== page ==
Social Cleavages and Political Change: Voter Alignments and U.S. Party Coalitions

By Jeff Manza; Clem Brooks | Go to book overview

4
Religion

In the history of social science research on the social bases of political behavior, class has undoubtedly received more attention than religion. This is true even for the United States, despite its unusually high rates of religious adherence and diverse array of faiths. So strong was the assumption that religion did not affect political behavior in the early days of survey research that when Paul Lazarsfeld informed George Gallup that his 1940 study of voters in Erie County, Ohio showed that religious differences were associated with voting preferences even after controlling for class and other sociodemographic attributes, Gallup expressed utter disbelief. 1 Under the sway of the dominant secularization model, the earlier generation of American historians and social scientists saw little benefit in extensive study of contemporary religious influences on politics. 2

It was not until the 1970s and early 1980s that a substantial amount of systematic empirical work on religion and voting behavior in the U.S. began to appear. A series of dramatic religious mobilizations around the world prompted increasing scholarly interest. These events include the fundamentalist Islamic revolution in Iran, the active role of the Catholic Church in the Solidarity movement in Poland in 1980- 81, the appearance of ' liberation theology' movements in Latin America, and, in the U.S., the rising visibility of politically active conservative Christian organizations such as the Moral Majority. Over the past twenty years, there has been a substantial outpouring of scholarship (and scholarly controversies) about the association between religious group memberships, beliefs, and practices and voting behavior during the past fifteen years. 3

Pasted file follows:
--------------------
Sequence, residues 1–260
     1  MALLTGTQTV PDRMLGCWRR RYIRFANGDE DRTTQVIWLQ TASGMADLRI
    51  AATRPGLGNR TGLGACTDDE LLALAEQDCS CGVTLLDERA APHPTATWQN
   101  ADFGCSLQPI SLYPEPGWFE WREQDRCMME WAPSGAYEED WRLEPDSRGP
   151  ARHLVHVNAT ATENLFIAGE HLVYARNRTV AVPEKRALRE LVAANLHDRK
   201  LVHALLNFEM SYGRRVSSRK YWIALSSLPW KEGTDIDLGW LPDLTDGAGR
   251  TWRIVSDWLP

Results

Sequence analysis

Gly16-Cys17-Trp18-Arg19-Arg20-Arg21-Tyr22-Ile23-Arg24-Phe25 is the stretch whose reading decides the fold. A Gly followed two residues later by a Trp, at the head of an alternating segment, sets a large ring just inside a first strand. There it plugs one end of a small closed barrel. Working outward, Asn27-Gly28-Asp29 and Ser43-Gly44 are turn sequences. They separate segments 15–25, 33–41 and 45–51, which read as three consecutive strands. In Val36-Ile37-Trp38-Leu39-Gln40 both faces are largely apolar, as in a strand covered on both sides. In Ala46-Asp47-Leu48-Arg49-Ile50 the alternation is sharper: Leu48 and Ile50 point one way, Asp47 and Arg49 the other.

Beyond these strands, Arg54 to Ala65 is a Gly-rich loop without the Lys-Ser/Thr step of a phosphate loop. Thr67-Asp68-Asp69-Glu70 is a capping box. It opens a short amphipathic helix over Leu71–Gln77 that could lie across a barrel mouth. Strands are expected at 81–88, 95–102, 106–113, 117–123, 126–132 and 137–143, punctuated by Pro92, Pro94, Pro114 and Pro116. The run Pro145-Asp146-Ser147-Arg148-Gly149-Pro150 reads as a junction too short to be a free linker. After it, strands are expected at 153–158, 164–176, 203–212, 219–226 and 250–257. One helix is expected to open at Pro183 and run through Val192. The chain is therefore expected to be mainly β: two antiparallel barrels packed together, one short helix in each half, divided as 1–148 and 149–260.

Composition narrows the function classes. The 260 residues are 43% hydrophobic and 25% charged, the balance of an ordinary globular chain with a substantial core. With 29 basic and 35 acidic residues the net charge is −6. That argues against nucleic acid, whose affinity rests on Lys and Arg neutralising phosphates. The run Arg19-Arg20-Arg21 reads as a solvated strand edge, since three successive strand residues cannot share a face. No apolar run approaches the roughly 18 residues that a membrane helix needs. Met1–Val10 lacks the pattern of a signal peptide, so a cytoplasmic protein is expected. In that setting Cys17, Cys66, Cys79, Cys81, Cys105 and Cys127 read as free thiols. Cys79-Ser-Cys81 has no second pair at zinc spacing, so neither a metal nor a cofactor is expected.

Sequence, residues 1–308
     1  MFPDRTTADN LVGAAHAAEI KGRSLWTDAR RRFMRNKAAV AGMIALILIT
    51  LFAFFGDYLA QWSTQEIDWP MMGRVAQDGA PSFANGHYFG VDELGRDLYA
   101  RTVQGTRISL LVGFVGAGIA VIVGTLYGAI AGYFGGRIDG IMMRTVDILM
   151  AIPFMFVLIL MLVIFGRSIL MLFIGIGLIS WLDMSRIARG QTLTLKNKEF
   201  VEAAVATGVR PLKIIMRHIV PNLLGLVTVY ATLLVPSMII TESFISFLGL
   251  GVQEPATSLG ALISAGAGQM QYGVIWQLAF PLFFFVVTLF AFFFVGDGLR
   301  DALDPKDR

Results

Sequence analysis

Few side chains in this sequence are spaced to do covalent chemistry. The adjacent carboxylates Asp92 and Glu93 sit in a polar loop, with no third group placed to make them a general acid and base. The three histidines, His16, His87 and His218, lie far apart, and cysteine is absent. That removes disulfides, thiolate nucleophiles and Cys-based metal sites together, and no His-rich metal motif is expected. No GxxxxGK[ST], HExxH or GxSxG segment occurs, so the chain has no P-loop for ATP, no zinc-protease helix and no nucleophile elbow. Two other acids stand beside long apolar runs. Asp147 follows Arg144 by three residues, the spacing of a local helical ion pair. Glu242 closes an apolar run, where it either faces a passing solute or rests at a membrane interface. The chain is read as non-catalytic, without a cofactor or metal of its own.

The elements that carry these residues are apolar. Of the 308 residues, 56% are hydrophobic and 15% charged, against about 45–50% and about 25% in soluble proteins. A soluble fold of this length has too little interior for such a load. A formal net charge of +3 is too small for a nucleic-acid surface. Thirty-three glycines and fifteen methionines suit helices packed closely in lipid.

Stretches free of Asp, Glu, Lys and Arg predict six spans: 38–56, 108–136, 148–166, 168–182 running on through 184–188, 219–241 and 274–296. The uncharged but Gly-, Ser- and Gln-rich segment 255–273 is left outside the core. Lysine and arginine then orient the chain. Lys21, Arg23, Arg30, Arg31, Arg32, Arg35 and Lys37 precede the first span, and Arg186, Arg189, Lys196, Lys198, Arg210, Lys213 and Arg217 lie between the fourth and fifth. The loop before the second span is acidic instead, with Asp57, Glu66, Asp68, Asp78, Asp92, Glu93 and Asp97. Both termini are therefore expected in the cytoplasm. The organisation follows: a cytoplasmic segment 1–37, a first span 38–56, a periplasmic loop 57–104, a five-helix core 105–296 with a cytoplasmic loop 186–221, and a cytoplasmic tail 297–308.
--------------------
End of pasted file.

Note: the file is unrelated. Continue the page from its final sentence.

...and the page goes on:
In this chapter, we present our own contribution to these debates. Our methodological innovations -- which extend the approach developed in Chapters 2 and 3 on class voting to the religious cleavage -- and empirical applications lend support for some of the major hypotheses about trends in the religion/politics relationship in the existing social science literature, while challenging others. Our discussion is in four

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